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Developing the World Service archive prototype

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Andrew Nicolaou | 16:49 UK time, Thursday, 29 November 2012

The time-span for developing the prototype was very short. We wanted to be able to demonstrate the prototype at the IBC’2012 convention in early September where our section was offered a booth in its Future Zone, which gave us two months.

Quite early on, we realised that in order to get to something viable in such a short time, we needed to involve a small user community very early on. In order to do so, we put a first version of the prototype online very quickly (mid-July), pointed a few hundred users from the Global Minds listener panel at it very early on, and started to gather feedback. This feedback helped us understand user needs more precisely and prioritise features of the prototype. We will describe our development process during these two months in two blog posts, this one focuses on the engineering work and the next one focuses on the User Experience of the prototype.

We also decided quite early on to work on top of a triple store (namely, the simple and fast 4store). Triple stores are a good match for the problem we were trying to solve: prototype quickly on top of data extracted by a very varied range of sources (automated tagging tools from audio or text, contributor identification tools, image data, original World Service database, etc.). Basically, all those tools can just push some text to that store, which happens to be RDF/Turtle, without any assumption on how that data is going to get used. Custom feeds can then be generated from that store using SPARQL queries executed by the prototype. We also use Apache Solr for our search, indexing textual data available in the triple store. All the audio (around 70,000 programmes) is served from Amazon S3.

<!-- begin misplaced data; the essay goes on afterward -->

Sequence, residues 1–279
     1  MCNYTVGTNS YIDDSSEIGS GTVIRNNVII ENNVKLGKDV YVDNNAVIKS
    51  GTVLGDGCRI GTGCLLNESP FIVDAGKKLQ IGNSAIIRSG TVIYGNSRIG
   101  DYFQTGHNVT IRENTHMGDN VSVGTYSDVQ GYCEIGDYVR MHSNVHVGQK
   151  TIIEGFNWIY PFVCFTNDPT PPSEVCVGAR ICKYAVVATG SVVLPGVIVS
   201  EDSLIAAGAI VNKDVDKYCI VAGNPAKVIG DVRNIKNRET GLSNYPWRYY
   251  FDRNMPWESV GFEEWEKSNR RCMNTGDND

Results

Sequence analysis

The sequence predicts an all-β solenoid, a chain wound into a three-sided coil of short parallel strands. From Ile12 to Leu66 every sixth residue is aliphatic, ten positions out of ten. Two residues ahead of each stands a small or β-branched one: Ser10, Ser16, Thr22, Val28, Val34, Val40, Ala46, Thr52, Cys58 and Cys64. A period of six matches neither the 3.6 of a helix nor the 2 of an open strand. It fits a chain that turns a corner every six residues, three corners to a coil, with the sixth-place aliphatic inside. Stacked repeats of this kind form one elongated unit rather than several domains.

On top of Solr and the triple store, we built a Ruby on Rails 3 application using the sparql-client gem (which we contributed to, to make it support some new SPARQL 1.1 features), and a simple library, inflating model objects from SPARQL queries called easy_sparql. In order to run integration tests we use the lightweight RedStore triple store, for which we built Ubuntu packages in our PPA. We store all the user contributions (e.g. new tags, validation and invalidation of tags) in a relational database. Each of these contributions point to the URI of an item described within the triple store.  We also used CoffeeScript to write our Javascript, dalli for storing expensive computations in memcache, devise and cancan for managing users, authentication and authorisation, rsolr for talking to Solr, choices for configuration management, mina, Jenkins and Foreman for continuous integration and deployment, and aws-s3 for accessing our audio content on Amazon S3. When new edits are being made by users in the prototype, we use a Resque job for re-indexing the corresponding data in Solr. We also wrote two new gems, onthisday and inthenews, parsing content from Wikipedia.


World Service archive prototype technical architecture


Where possible, we tried to ensure that the audience facing site worked across a range of modern devices. To help with this, we used Twitter's open source Bootstrap framework to provide some baseline user interface (UI) elements although the design required us to make adjustments in order to fit the BBC's Global Experience Language (GEL).

We followed the Scalable and Modular Architecture for CSS (SMACSS) for organising our CSS into base styles, layouts and reusable modules. Using the LESS CSS preprocessor helped as we could share and reuse common properties such as theme colours and helper functions.

The audio player went through several iterations, starting with the audio.js library. Audio.js is simple and easy-to-use but we found that it didn't give us the control that we required. We implemented a custom UI based on the very flexible SoundManager 2 library. The new UI allows the media player to scale to the width of the viewport dynamically which is something that we couldn't find in a lot of existing players.

The image picker and homepage carousel (in earlier versions) used the Swipe 2 library which implements a lightweight carousel using CSS3 animations and supports touch gestures which improved the experience on tablet devices.

All our components fire events that are listened to by the page controllers allowing us to easily collate user actions in our analytics system. This gives us feedback on how our users interact with the site so that we can improve the user experience, develop new features and build richer metadata.


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